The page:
Obsessive–compulsive disorder — I don’t know why but it is a compelling character trait. It speaks to hidden emotions in a visual and psychological way that is as puzzling as it is fascinating. Not just any character can wear it well. I’m talking about Detective Inspector Joseph ‘Joe’ Chandler of Whitechapel. Rupert Penry-Jones has a bit of the OCD tendency, much as I myself do. It shows in his meticulous execution of his character’s habits and even extends into his physical movements and interactions.
DI Chandler is a tall, good-looking, polite, well spoken young man. Despite his uptight and fastidious habits, he’s well thought of by his superiors as he treats them with respect and deference. Meant to go places through his high-ranking career cop family, he’s snobbish and superior without really meaning to be. As he’s totally green to the act of investigation, he relies on hunches and making deductions rather than following the evidence.
Much to the frustration of his veteran DS Ray Miles who feels he must hand hold this fast tracked imbecile. This is what makes the dark and seedy Whitechapel a surprisingly fun watch. Their relationship develops slowly into a very affectionate bro-mance, despite or maybe even because of the great disparity in their age and experience.
Philip Davis is the perfect foil for Penry-Jones’ obsessive-compulsive Chandler. He’s a father figure, the best friend, the devil’s advocate as well as a rock once Chandler is set adrift by his superiors. Miles’ gruff and volatile exterior hides an old softy who realizes Chandler needs him. He’s not the only one who is attracted to Chandler.
There is also DC Emerson Kent, the most junior officer and the one member of Chandler’s disillusioned team to rise to the higher standard their boss represents. Kent has his own ways at dealing with the stress of the job and seems to take comfort from Chandler’s ideals. Edward Buchan is a ripperologist who is an expert researcher on the dark history in the Whitechapel district of London. He’s a point of contention with Miles while legitimately contributing to the cases. All three men illustrate and draw out aspects of Chandler that we wouldn’t normally see and that’s a good thing!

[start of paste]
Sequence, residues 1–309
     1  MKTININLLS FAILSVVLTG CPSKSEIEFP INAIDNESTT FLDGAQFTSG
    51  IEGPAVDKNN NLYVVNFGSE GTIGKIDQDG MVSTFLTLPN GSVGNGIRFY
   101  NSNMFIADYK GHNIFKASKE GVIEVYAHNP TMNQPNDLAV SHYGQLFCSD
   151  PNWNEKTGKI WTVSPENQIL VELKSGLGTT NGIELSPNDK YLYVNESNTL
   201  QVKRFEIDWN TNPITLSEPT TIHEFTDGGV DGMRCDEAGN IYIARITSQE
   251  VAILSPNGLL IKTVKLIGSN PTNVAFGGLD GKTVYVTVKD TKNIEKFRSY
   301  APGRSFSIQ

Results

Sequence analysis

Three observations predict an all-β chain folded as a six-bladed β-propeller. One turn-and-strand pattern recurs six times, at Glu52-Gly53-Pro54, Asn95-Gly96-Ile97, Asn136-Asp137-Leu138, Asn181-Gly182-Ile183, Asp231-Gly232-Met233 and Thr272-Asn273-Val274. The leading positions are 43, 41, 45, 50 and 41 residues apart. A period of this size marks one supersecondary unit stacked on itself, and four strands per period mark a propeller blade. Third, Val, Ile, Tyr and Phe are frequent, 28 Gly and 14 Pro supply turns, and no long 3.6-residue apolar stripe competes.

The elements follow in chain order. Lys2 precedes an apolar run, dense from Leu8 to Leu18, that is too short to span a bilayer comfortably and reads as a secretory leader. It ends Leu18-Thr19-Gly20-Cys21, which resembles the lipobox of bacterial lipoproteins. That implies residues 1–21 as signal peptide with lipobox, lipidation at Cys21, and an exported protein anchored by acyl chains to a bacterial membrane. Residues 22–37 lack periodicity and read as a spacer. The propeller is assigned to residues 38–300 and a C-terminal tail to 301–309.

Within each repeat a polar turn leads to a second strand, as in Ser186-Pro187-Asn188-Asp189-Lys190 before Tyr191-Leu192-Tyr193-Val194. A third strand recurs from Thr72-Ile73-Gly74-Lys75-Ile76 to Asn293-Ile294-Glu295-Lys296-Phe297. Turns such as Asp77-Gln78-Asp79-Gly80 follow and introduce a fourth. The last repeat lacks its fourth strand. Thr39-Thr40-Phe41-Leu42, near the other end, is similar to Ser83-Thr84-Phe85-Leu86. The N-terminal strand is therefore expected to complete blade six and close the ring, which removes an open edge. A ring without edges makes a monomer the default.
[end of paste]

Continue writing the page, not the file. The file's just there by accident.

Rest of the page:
I loved how Chandler wasn’t all that meets the eye. What started out as a belief in dressing well and eating healthy with a clean work environment to help the mind make connections and solve cases evolved to a compulsive need. One to hit the light switch so many times before leaving and to wash his hands whenever he felt uncomfortable. Yes, he’s uppity and stilted with his squad but he also champions the vulnerable and weak. A bundle of contradictions I love.
This month I’m participating in a writing challenge to post everyday in April (except Sundays) called the A to Z Challenge. I’m exploring my love of characters, find the full list here. Read some of my other writing posts here. What characters do you love?